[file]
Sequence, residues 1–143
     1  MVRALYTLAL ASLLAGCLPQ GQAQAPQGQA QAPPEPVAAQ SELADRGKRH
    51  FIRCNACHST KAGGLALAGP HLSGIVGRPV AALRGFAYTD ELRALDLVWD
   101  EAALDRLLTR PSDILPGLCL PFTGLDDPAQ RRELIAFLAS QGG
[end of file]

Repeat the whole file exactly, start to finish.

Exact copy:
Sequence, residues 1–143
     1  MVRALYTLAL ASLLAGCLPQ GQAQAPQGQA QAPPEPVAAQ SELADRGKRH
    51  FIRCNACHST KAGGLALAGP HLSGIVGRPV AALRGFAYTD ELRALDLVWD
   101  EAALDRLLTR PSDILPGLCL PFTGLDDPAQ RRELIAFLAS QGG